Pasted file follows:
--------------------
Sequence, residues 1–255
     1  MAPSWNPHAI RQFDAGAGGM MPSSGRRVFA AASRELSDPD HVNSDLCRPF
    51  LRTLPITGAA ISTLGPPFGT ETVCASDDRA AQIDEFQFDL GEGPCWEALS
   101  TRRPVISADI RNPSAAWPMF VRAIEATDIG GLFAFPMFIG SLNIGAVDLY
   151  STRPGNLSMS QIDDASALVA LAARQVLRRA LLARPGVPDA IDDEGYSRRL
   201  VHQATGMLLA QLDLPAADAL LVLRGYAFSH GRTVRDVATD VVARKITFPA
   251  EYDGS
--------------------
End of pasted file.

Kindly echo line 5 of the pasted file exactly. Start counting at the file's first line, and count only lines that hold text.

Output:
   151  STRPGNLSMS QIDDASALVA LAARQVLRRA LLARPGVPDA IDDEGYSRRL